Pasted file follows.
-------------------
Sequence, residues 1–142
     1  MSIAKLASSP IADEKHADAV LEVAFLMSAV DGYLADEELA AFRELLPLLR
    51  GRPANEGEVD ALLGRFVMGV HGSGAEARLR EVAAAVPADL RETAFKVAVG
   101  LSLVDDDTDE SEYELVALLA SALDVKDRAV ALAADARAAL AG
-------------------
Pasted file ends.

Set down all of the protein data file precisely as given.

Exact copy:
Sequence, residues 1–142
     1  MSIAKLASSP IADEKHADAV LEVAFLMSAV DGYLADEELA AFRELLPLLR
    51  GRPANEGEVD ALLGRFVMGV HGSGAEARLR EVAAAVPADL RETAFKVAVG
   101  LSLVDDDTDE SEYELVALLA SALDVKDRAV ALAADARAAL AG